Back on board I started preparing dinner, at about the same time my confidence in my lagoon was shattered as some very strong williwaws tore by, causing Sylph to lean heavily on her lines and heel to about 15 degrees. I had just taken a couple of bites of my meal when Sylph's keel crunched on rock. I looked outside and saw in the rapidly fading light that one of the shorelines had come loose from its rock mooring. Sylph leaned over for a moment and I wondered whether she was going to end up on the beach but fortunately the next williwaw blew from the opposite direction and dragged her off. I hurriedly donned foul weather gear, grabbed another length of line, bailed out the dinghy (it had nearly capsized in one of the gusts and was half full of water) and rowed ashore. I soon had the line resecured to a stout tree further back and used the line to drag myself back to Sylph hoped I would not be hit by any williwaws on the way back. I had just gained the shelter of Sylph’s bow when one hit, the water’s surface was white with spray. I looked to the other side of the cove and saw that as the tide was rising and when the gusts were blowing from the northeast that another line was at risk of floating free from the very solid rock I had wrapped it round. I decided I had better fix it now, grabbed another length of line and pulled myself ashore. Again I attached the line to a tree and then tied the end to the dinghy. The rock was now surrounded by water and as I pushed the dinghy off the shore another williwaw hit. This one tore the dinghy from my hands, blew it about five feet up into the air when it was brought up short by the line tied to the tree, thank God, turned upside down and dropped back into the water. Now I admit I was getting a little scared. I could see one of the oars drifting away. I pulled the dinghy back into the shore, righted it, fortunately the other oar was trapped underneath the dinghy, rescued it, emptied the water out of the dinghy and tried to attach the line from the tree to the shoreline wrapped around the rock. It was too short. I found another length of line in th dinghy but it would not be strong enough. I attached it anyway thinking I would get back to Sylph and find another more suitable length of line. As I was trying to tie the two lines together the line slipped off the rock and with the lines under tension I could not tie them together properly. I pulled myself back to Sylph, loosened off the shoreline then returned ashore once more, tying the shoreline directly to the stronger piece of rope attached to the tree. Then once more back to Sylph. I tensioned up all the lines and now I hope we are safe.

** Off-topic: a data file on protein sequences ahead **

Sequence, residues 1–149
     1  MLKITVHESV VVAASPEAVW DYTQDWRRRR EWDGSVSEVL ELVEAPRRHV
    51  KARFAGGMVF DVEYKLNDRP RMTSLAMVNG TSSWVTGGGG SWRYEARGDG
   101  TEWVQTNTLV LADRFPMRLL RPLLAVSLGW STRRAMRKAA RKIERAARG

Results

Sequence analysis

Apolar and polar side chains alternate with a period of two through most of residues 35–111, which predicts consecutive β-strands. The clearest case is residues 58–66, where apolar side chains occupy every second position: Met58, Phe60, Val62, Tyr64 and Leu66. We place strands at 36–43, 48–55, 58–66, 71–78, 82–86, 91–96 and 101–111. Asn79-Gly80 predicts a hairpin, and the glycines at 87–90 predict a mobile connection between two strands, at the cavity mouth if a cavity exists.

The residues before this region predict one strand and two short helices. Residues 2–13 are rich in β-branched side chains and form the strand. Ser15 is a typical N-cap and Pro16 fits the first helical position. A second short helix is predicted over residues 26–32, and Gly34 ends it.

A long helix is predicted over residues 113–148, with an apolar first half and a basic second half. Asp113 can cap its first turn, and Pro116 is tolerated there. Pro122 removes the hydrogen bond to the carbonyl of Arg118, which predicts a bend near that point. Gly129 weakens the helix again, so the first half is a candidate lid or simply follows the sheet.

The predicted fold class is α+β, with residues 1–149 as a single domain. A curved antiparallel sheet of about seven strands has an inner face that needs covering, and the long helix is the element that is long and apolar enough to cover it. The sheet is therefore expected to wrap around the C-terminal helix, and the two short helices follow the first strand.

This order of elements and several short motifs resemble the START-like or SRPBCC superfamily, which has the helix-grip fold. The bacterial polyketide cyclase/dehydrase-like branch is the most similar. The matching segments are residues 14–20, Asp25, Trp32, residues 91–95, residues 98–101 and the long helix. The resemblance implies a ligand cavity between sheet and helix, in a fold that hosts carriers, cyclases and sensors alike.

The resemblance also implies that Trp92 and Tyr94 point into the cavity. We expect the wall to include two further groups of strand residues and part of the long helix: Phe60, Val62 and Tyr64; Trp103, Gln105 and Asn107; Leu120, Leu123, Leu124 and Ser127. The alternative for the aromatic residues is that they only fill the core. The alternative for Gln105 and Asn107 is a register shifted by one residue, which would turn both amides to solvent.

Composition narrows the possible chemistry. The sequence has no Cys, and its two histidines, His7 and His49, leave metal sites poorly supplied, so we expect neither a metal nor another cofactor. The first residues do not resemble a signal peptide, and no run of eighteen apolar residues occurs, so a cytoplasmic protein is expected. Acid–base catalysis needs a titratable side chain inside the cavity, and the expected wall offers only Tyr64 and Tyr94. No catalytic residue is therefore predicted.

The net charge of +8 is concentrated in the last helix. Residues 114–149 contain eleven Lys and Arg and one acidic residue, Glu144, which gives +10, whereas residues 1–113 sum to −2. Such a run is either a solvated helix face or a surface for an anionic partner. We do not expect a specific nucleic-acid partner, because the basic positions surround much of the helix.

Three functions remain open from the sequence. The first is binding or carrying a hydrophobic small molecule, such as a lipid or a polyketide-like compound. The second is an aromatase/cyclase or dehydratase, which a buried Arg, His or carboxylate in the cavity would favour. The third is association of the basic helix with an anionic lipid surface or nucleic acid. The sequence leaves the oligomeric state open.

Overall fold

Once I thought Sylph was secure again I grabbed the spotlight and had a careful look around for my missing oar. It took a while to spot it, but sure enough it had drifted over to the opposite side of the lagoon. Once more into the dinghy and using the now secure shoreline (I hope) I pulled myself to the shore and recovered the oar. Hooray!

Back on board Sylph I have attached the dinghy with five lines, figuring the worst thing that can happen is it will flip over and float partially submerged alongside. As long as it is firmly attached it can’t go too far and Sylph’s topside are way beyond the high gloss finish of 12 months or so ago so this is not even a consideration.

Dinner has been reheated and contentedly eaten. The worst of the williwaws seem to be over but I am not holding my breath. I think I shall call this cove Caleta Bob Cat.

All is well.

Bob Cat:

I am not sure if it is much of an honor to have this small body of water named after me. After all I am a gentle being of mild disposition, and this Caleta is nothing like me at all. I’d rather have the honor of addressing a nice can of tuna please, and failing that, well I think I will just have a nice … zzzzzzzzzzzzzzzzzzzzz.